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review 2017-06-18 08:30
Das Drama am Mount Everest
In eisige Höhen: Das Drama am Mount Everest - Jon Krakauer,Christian Brückner

1996 hat sich am Mount Everest eine Tragödie ereignet, die mehrere Todesopfer gefordert hat. Journalist und Bergsteiger Jon Krakauer war live dabei und verarbeitet in diesem Buch  seine traumatische Erfahrung. Er zeigt, dass nicht der Mount Everest von Bergsteigern sondern die Höhenbegeisterten nach wie vor vom Berg bezwungen werden.

Es handelt sich hierbei um ein Sachbuch mit subjektiven Tönen, weil Autor und Journalist Jon Krakauer die Ereignisse aus erster Hand schildert. Er beschreibt seine Erlebnisse, seine Sicht der Begebenheiten und geht auch darauf ein, dass es aufgrund des Sauerstoffmangels zu unterschiedlichen Wahrnehmungen der Ereignisse kommen kann. Daher ist es schwierig in diesem Zusammenhang von der einen absoluten Wahrheit zu sprechen.

Die Wahrheit ist, dass der Mount Everest als höchster Berg der Welt nicht nur die größte Herausforderung für geübte Bergsteiger ist, sondern bereits jahrzehntelang als kommerzielles Ziel für wohlhabende Touristen herhalten muss. Dieser Entwicklung und ihren Folgen gibt der Autor genauso viel Raum, wie den Ereignissen von 1996. Dabei geht er auf die Problematik ein, dass sich Expeditionsführer in einer Zwickmühle befinden. Einerseits kann es keine Garantie für die Eroberung des Gipfels geben, andrerseits möchten sie natürlich zufriedene Kunden haben, weil ihr wirtschaftliches Überleben davon abhängig ist. So wird manches Risiko vielleicht schneller eingegangen, als es vernünftig ist. Dabei darf man nicht vergessen, dass viele dieser Everest-Touristen keine versierten Bergsteiger sind.

Jon Krakauer hingegen sind Berge nicht fremd. Zwar hätte er nicht gedacht, dass er eines Tages am Everest stehen wird, dennoch bringt er Gipfelerfahrung mit. Dadurch hat er einen sachverständigen Blick auf den Ablauf und das Drama von 1996. Gleichzeitig geht er auf die Geschichte des Everest, große Namen und die Gier nach dem Gipfel ein, die kaum jemanden kurz vorm Ziel zur Umkehr bewegt.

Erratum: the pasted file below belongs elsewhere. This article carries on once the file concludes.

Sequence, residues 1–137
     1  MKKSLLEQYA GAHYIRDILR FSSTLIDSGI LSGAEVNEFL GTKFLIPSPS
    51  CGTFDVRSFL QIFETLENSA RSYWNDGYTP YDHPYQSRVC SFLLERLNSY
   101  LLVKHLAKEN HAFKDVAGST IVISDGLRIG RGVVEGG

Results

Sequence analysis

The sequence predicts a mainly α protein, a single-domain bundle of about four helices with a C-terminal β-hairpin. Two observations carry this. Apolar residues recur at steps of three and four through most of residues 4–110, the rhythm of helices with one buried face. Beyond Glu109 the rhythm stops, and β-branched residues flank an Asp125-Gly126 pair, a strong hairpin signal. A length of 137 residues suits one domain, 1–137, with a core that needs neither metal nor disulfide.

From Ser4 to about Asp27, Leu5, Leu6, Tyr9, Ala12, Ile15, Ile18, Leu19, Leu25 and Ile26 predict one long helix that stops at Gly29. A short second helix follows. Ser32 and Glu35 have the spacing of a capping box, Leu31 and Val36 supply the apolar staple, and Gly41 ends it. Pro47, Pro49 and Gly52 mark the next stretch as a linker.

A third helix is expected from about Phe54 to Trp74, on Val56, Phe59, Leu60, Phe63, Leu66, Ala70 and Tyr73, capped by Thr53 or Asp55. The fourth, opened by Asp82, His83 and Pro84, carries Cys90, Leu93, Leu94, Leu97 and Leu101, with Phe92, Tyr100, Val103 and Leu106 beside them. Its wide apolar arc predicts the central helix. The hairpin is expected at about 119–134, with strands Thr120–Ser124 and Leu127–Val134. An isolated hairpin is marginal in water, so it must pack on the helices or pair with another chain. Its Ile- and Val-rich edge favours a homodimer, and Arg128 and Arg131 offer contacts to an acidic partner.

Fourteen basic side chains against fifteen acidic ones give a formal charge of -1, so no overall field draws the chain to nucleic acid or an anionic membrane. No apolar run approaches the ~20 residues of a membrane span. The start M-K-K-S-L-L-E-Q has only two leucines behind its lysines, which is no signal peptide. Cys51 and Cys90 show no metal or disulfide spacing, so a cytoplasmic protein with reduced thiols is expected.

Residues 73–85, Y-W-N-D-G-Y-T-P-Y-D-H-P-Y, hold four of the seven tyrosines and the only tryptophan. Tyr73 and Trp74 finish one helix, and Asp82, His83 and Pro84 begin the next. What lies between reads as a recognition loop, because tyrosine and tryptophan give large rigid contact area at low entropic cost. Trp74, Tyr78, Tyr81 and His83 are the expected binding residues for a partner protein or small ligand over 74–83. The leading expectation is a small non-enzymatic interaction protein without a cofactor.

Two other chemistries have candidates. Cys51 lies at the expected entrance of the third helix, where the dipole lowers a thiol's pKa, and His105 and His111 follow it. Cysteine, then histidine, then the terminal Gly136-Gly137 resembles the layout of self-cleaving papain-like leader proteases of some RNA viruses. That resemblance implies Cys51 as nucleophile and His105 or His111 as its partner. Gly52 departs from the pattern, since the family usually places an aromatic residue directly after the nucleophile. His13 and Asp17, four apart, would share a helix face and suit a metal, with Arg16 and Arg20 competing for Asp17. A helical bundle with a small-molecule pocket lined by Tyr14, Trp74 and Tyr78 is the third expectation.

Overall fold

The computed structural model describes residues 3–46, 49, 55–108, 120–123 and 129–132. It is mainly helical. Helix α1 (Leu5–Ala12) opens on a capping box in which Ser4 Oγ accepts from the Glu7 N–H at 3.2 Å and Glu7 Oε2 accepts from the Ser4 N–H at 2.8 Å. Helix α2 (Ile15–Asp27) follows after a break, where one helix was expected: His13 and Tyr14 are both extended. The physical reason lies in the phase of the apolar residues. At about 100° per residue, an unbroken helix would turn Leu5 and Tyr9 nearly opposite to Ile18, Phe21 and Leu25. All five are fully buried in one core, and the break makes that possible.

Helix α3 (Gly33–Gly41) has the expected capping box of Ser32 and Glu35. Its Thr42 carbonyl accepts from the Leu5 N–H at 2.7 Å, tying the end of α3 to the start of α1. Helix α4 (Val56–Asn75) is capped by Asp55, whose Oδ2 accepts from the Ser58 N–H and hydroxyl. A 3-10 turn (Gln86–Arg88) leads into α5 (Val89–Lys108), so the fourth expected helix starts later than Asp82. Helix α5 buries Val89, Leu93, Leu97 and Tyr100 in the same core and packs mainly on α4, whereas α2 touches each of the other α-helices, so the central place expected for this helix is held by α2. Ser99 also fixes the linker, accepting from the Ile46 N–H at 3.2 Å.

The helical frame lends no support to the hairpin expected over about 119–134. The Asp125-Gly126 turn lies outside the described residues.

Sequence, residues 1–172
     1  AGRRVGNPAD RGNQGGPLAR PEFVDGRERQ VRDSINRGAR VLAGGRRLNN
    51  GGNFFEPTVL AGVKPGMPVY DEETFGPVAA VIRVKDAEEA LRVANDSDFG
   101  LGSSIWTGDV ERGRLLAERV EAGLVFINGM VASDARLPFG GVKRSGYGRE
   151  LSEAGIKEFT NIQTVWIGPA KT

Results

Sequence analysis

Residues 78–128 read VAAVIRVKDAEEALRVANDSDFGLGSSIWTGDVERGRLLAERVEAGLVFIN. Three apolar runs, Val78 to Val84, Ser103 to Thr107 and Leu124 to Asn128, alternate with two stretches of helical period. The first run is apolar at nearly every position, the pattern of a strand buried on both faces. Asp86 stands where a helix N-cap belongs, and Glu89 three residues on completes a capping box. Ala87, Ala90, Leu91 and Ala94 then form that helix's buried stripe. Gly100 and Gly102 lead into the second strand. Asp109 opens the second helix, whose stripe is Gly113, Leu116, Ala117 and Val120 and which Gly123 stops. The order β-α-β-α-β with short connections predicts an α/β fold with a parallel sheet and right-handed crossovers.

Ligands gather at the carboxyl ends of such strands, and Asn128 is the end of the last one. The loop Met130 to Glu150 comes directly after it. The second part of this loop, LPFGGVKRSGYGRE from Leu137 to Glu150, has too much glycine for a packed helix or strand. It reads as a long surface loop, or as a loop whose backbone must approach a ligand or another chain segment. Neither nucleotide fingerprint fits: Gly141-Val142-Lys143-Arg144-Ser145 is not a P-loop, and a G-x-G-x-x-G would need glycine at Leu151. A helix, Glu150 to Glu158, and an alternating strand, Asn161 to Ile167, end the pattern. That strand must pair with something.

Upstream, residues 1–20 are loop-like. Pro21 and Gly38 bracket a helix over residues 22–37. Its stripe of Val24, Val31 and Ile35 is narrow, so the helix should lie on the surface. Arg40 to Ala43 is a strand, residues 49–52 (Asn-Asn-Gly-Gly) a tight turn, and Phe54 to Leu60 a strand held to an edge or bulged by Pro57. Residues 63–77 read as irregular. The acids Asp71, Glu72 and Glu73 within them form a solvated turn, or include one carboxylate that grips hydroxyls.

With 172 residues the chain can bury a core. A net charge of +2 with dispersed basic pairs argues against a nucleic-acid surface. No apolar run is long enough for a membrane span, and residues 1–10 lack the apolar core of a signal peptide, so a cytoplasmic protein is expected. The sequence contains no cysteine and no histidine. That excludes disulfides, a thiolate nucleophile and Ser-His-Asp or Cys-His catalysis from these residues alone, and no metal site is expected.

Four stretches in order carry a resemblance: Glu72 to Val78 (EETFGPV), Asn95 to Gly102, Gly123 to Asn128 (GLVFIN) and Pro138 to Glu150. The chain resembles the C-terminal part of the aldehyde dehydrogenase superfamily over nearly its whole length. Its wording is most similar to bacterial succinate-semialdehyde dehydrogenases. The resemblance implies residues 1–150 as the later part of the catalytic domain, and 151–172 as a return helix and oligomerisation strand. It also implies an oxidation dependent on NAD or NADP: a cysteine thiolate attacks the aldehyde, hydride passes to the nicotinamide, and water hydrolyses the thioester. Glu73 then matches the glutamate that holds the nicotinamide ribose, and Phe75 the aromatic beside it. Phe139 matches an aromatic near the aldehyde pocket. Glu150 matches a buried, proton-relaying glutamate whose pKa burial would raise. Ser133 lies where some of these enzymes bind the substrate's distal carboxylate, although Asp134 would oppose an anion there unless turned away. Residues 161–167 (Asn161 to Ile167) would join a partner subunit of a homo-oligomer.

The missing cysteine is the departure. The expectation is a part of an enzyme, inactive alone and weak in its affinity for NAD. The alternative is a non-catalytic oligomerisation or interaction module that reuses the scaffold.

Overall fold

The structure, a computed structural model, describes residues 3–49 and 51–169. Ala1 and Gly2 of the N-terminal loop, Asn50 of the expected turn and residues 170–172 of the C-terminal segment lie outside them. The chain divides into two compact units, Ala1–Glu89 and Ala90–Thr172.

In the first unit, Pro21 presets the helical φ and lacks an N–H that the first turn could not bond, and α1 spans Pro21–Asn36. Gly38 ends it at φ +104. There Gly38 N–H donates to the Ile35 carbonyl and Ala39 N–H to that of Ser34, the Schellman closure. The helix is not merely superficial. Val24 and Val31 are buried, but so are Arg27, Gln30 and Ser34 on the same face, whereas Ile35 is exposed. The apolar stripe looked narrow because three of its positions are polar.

Der Mount Everest ist eine Herausforderung, der man sich bestimmt nicht oft im Leben stellt. Den Gipfel der Welt zu erklimmen, ist für viele Bergsteiger ein Traum, den es sich hart zu erkämpfen gilt. Krakauer schildert minutiös welchen Strapazen der menschliche Körper ausgesetzt ist. Es ist nicht nur Muskelarbeit, die hier gefordert wird, sondern man muss sich als Ganzes auf die Höhenluft einstellen. Übelkeit, Erbrechen, Durchfallerkrankungen, schneidende Kälte, brütende Hitze, Schlaflosigkeit und permanenter Sauerstoffmangel sind nur einige Widrigkeiten, die es auf dem Weg zum Gipfel zu überwinden gilt. All dies beschreibt Jon Krakauer und geht anschließend auf die unglücklichen Umstände ein, die 1996 etliche Todesopfer am Mount Everest gefordert haben.

Einziger Kritikpunkt ist, dass Krakauer über Bergsteiger und -führer namentlich richtig herzieht. Er beschreibt sexuelle Eskapaden oder unnötige Luxusgüter, die von Sherpas mitgeschleppt werden müssen und geht auf - seiner Meinung nach - mangelnde Vorbereitung mancher Bergführer ein. Es ist vollkommen in Ordnung, Schuldzuweisungen und Mutmaßungen auszusprechen, allerdings hätte er etwas subtiler vorgehen können.

Sprecher Christian Brückner leiht auch Robert De Niro seine deutsche Stimme und so hatte ich das Bild dieses berühmten Schauspielers vor Augen, was doch recht passend ist. Die Tonqualität ist etwas merkwürdig, weil es klingt, als ob Jon Krakauer bei sich im Wohnzimmer sitzt und seine Erfahrungen auf Tonband spricht. Es hört sich wie eine alte Aufnahme auf Kassette an, was der Erzählung meiner Meinung nach hohe Authentizität verleiht.